Diabetes and Your Skin
For people with diabetes, having too much glucose (sugar) in their blood for a long time can cause serious complications, including skin problems. In fact, as many as a third of people with diabetes will have a skin condition related to their disease at some time in their lives. Fortunately, most skin conditions can be prevented and successfully treated if caught early. But if not cared for properly, a minor skin condition in a person with diabetes can turn into a serious problem with potentially severe consequences.
Skin Conditions Linked to Diabetes
Scleredema diabeticorum: This condition causes a thickening of the skin on the back of the neck and upper back. This condition is rare, but can affect people with type 2 diabetes. The treatment is to bring your blood glucose level under control. Lotions and moisturizers may help soften the skin.
Vitiligo: Vitiligo is a condition that affects skin coloration. With vitiligo, the special cells that make pigment (the substance that controls skin color) are destroyed, resulting in patches of discolored skin. Vitiligo often affects the chest and abdomen, but may be found on the face around the mouth, nostrils, and eyes. This condition is more commonly associated with type 1 diabetes. Current treatment options for vitiligo include topical steroid creams, ultraviolet light treatments, and micropigmentation (tattooing). You should use sunscreen with a SPF of 30 or higher to prevent sunburn on the discolored skin.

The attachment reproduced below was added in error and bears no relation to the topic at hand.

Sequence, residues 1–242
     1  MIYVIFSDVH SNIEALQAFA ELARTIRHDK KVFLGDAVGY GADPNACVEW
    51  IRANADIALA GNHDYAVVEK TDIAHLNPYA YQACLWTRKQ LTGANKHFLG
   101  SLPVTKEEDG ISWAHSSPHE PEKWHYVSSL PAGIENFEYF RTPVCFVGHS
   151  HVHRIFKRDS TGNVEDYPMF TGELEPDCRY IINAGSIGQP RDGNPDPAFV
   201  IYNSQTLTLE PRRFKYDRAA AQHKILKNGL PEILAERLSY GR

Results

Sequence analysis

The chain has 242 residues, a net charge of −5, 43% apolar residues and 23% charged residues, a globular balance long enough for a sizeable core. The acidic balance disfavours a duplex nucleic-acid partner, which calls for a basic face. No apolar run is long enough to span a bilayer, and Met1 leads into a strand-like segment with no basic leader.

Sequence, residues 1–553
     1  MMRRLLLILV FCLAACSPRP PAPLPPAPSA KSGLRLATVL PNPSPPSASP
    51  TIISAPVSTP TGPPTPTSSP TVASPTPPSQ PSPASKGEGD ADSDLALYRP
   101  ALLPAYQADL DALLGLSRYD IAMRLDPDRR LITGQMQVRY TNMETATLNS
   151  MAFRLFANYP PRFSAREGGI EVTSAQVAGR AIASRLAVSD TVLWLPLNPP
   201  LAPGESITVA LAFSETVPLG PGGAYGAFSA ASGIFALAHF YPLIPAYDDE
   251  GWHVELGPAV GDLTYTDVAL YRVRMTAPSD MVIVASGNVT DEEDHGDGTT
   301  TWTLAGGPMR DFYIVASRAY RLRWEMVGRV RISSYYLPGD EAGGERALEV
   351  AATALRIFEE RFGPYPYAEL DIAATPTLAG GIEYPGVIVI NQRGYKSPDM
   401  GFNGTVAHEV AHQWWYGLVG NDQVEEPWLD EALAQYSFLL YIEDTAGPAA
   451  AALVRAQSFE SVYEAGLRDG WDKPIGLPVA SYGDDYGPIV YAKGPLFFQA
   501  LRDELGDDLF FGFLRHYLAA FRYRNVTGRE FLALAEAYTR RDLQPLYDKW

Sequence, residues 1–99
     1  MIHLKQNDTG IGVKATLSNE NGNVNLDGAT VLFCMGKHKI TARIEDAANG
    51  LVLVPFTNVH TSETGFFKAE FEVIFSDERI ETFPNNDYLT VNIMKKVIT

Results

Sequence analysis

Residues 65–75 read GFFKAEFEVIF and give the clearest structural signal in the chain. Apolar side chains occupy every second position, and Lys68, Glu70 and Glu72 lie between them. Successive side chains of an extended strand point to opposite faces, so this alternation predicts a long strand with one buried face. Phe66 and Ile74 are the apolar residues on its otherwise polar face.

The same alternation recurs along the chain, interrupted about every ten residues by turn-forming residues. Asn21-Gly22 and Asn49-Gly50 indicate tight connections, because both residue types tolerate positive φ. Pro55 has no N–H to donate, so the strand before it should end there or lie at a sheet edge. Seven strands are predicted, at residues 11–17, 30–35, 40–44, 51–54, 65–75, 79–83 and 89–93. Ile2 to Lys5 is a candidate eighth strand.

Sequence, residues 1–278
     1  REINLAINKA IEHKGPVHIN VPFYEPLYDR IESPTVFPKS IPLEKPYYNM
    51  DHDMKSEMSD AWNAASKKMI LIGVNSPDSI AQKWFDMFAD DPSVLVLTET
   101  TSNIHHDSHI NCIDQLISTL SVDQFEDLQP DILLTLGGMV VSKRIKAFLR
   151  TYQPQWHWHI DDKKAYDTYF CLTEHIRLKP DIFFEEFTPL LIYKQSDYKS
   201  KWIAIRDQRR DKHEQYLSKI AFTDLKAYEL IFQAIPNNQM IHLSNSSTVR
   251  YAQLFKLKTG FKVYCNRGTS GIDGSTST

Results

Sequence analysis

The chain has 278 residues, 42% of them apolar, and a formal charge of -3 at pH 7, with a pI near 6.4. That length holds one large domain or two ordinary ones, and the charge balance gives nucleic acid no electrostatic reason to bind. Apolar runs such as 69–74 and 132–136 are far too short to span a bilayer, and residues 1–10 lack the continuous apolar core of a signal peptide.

Problems associated with insulin resistance
Acanthosis nigricans: This is a condition that results in the darkening and thickening of certain areas of the skin, especially in the skin folds. The skin becomes tan or brown and is sometimes slightly raised and described as velvety. Most often the condition, which typically looks like a small wart, appears on the sides or back of the neck, the armpits, under the breast, and groin. Occasionally, the top of the knuckles will have a particularly unusual appearance. Acanthosis nigricans usually strikes people who are very overweight. There is no cure for acanthosis nigricans, but losing weight may improve the condition. Acanthosis nigricans usually precedes diabetes. There are other conditions that also are known to cause acanthosis nigricans, including acromegaly and Cushing's syndrome. This condition is a skin manifestation of insulin resistance in most people.